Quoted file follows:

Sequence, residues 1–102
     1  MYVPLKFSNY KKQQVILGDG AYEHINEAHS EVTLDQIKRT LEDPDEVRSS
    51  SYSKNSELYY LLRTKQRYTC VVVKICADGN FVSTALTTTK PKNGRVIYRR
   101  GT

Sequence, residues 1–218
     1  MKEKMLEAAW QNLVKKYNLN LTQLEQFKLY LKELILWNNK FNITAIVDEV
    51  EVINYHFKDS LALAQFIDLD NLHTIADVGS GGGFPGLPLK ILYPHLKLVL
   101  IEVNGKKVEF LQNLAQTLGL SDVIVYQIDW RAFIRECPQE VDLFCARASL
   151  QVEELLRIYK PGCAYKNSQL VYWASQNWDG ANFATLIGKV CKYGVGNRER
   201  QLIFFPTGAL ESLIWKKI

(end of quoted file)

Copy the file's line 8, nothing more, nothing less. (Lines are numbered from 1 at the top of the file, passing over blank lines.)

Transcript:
   101  IEVNGKKVEF LQNLAQTLGL SDVIVYQIDW RAFIRECPQE VDLFCARASL